4. Love your experiments (as you would an ugly child). Joy is the engine of growth. Exploit the liberty in casting your work as beautiful experiments, iterations, attempts, trials, and errors. Take the long view and allow yourself the fun of failure every day.
5. Go deep. The deeper you go the more likely you will discover something of value.
6. Capture accidents. The wrong answer is the right answer in search of a different question. Collect wrong answers as part of the process. Ask different questions.
7. Study. A studio is a place of study. Use the necessity of production as an excuse to study. Everyone will benefit.
8. Drift. Allow yourself to wander aimlessly. Explore adjacencies. Lack judgment. Postpone criticism.
9. Begin anywhere. John Cage tells us that not knowing where to begin is a common form of paralysis. His advice: begin anywhere.
10. Everyone is a leader. Growth happens. Whenever it does, allow it to emerge. Learn to follow when it makes sense. Let anyone lead.
11. Harvest ideas. Edit applications. Ideas need a dynamic, fluid, generous environment to sustain life. Applications, on the other hand, benefit from critical rigor. Produce a high ratio of ideas to applications.
12. Keep moving. The market and its operations have a tendency to reinforce success. Resist it. Allow failure and migration to be part of your practice.
13. Slow down. Desynchronize from standard time frames and surprising opportunities may present themselves.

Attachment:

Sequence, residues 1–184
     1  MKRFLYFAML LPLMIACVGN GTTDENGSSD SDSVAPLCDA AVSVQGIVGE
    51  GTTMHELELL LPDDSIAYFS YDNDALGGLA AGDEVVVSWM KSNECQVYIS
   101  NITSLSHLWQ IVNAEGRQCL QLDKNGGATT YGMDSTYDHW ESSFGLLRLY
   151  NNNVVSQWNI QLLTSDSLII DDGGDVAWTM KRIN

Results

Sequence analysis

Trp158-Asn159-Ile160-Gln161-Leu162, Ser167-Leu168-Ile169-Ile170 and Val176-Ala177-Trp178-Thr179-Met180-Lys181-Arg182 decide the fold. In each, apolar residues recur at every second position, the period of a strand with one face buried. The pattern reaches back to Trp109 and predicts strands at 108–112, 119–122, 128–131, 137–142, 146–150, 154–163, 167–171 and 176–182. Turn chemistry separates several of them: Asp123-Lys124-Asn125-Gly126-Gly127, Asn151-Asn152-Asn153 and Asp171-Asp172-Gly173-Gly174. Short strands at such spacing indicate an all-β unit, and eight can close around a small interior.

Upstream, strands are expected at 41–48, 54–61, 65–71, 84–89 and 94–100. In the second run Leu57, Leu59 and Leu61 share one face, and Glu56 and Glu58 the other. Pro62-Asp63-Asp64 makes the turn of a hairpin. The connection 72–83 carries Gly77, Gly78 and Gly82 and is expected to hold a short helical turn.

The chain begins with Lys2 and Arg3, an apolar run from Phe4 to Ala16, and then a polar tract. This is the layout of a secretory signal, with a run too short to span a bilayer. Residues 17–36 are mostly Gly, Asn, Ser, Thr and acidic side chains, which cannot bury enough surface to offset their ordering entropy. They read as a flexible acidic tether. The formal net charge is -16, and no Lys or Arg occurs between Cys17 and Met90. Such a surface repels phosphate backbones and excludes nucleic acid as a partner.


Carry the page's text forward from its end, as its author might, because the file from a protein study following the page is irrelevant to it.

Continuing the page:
14. Don’t be cool. Cool is conservative fear dressed in black. Free yourself from limits of this sort.
15. Ask stupid questions. Growth is fueled by desire and innocence. Assess the answer, not the question. Imagine learning throughout your life at the rate of an infant.
16. Collaborate. The space between people working together is filled with conflict, friction, strife, exhilaration, delight, and vast creative potential.
17. ____________________. Intentionally left blank. Allow space for the ideas you haven’t had yet, and for the ideas of others.
18. Stay up late. Strange things happen when you’ve gone too far, been up too long, worked too hard, and you're separated from the rest of the world.
19. Work the metaphor. Every object has the capacity to stand for something other than what is apparent. Work on what it stands for.
20. Be careful to take risks. Time is genetic. Today is the child of yesterday and the parent of tomorrow. The work you produce today will create your future.
21. Repeat yourself. If you like it, do it again. If you don’t like it, do it again.
22. Make your own tools. Hybridize your tools in order to build unique things. Even simple tools that are your own can yield entirely new avenues of exploration. Remember, tools amplify our capacities, so even a small tool can make a big difference.
23. Stand on someone’s shoulders. You can travel farther carried on the accomplishments of those who came before you. And the view is so much better.
24. Avoid software. The problem with software is that everyone has it.
25. Don’t clean your desk. You might find something in the morning that you can’t see tonight.
26. Don’t enter awards competitions. Just don’t. It’s not good for you.
27. Read only left-hand pages. Marshall McLuhan did this. By decreasing the amount of information, we leave room for what he called our "noodle."
28. Make new words. Expand the lexicon. The new conditions demand a new way of thinking. The thinking demands new forms of expression. The expression generates new conditions.
29. Think with your mind. Forget technology. Creativity is not device-dependent.